biographies of violence

Missed a day yesterday and feel all sorts of discombobulated because of it.

March 29, 2017.

One of the conversations I was having yesterday (instead of writing) was about what we remember of our feminist beginnings. Before we named it feminism, what are the ways in which the world responded to us or contained us or named us in ways that required our feminist achings and strivings? Maybe a lot of people have a “click moment”–that term introduced in 1971 through Ms Magazine for the moment when your eyes open and you see the sexism and misogyny that you swim in. And while the most “conscious” moment for many of us is in a moment of college education, I’d argue that the majority of cisgender women probably experience an accumulation of moments starting when we’re very young. Sara Ahmed talks about becoming feminist as “how we redescribe the world we are in”. Of course, redescription is only necessary if you recognize the failures and gaps of the description you’ve been given or that you’ve been giving.

What do you remember of your earliest redescriptions?

Redescribing the World

I traveled through Narnia,
dwelt in little houses in little woods,
and held hands with Betsy and Tacy.

Girls abounded. But even Jo, fierce
Jo, dear, creative, willful Jo
“grew up.” In growing up, girls moved
indoors, domesticated.

No surprise then that I searched out
biographies of grown women– Harriet
Tubman, Florence Nightingale, Marie Curie:

their stories roamed outside the home.


Another Sara Ahmed quote: “We all have different biographies of violence, entangled as they are with so many aspects of ourselves: things that happen because of how we are seen; and how we are not seen. You find a way of giving an account of what happens, of living with what happens.”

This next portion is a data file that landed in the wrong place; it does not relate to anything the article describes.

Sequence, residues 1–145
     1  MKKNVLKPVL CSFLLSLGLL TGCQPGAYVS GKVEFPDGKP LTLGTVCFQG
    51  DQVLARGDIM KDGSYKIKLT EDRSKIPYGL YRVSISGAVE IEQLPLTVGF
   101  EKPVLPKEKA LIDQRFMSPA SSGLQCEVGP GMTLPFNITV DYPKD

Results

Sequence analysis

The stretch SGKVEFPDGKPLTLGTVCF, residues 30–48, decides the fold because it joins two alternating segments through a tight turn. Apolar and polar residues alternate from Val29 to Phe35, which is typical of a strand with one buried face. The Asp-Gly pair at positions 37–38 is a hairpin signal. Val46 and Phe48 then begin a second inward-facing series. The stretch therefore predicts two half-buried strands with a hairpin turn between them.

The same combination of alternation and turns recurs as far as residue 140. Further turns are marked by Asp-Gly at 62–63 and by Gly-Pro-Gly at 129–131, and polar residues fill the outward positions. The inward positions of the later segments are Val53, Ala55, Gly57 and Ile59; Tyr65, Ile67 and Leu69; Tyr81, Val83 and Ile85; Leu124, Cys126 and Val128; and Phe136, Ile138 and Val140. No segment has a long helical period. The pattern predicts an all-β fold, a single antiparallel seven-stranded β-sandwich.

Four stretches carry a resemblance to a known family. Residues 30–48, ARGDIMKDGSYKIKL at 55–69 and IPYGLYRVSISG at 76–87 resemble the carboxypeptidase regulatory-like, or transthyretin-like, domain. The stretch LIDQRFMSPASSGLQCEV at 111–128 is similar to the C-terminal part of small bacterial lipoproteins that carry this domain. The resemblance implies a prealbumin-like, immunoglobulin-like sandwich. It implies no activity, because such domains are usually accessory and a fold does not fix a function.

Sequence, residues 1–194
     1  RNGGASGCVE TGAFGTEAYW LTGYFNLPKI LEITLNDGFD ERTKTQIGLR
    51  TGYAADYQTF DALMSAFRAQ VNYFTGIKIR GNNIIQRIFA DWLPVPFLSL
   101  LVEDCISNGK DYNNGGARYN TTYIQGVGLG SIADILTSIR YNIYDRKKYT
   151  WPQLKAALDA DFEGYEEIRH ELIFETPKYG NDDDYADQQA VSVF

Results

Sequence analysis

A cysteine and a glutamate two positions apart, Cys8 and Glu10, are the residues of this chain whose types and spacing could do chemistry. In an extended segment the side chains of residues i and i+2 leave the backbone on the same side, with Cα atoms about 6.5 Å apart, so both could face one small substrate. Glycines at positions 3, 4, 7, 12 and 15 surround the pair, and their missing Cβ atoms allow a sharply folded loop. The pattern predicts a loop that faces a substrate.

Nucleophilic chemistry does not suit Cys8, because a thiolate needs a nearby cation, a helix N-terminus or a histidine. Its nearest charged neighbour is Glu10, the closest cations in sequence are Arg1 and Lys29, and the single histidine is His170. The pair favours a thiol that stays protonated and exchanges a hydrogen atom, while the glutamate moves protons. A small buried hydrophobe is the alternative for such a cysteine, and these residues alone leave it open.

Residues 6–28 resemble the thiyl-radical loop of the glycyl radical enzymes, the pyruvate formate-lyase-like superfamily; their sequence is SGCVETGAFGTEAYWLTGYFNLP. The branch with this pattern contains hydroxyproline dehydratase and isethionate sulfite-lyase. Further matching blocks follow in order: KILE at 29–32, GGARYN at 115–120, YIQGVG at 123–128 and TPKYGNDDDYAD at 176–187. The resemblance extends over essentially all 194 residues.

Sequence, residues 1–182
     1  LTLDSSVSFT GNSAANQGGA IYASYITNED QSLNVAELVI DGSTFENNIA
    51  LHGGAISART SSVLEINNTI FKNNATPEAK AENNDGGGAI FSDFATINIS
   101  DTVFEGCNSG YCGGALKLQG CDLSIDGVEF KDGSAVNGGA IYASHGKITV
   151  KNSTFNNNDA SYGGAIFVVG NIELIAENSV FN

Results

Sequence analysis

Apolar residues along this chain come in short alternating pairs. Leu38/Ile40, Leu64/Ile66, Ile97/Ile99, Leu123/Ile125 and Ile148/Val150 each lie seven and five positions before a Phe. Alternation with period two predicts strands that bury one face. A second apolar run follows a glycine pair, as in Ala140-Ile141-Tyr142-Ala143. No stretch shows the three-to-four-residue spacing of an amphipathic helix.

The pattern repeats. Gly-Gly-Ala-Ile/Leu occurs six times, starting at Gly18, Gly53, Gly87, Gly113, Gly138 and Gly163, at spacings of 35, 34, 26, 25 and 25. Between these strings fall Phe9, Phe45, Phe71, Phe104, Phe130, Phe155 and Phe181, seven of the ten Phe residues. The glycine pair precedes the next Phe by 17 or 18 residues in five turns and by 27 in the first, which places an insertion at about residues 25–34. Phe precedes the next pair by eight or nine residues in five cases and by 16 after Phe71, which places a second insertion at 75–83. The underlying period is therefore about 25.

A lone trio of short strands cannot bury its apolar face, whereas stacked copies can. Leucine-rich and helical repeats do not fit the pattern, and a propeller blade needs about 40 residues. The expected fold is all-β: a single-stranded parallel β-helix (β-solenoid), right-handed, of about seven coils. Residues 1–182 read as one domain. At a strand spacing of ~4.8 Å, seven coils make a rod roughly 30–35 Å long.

Biography of Violence

That man at the edge of the playground
in his car with his penis showing. He waved at me;
I ran away.

That creepy high school teacher
who insinuated what he wanted and needed from me.
I pretended I didn’t understand.
I smiled.
I made sure I brought friends along anytime I had to see him.

The long walk to school from the bus stop
always involved catcalls. Most were funny;
some hitched my breath and quickened my step.
Did you learn, too, how to carry keys between your fingers?

We were friends. When I woke up in the middle
of the night, groggy, confused,
he was there, and I couldn’t gather my voice to say no.
Afterwards I blamed myself.

These scars don’t shine on my skin, but they have altered
my rhythm and rhyme
in this world. Keys
between fin
gers eyes dart
head down
smile pretty
let me
be

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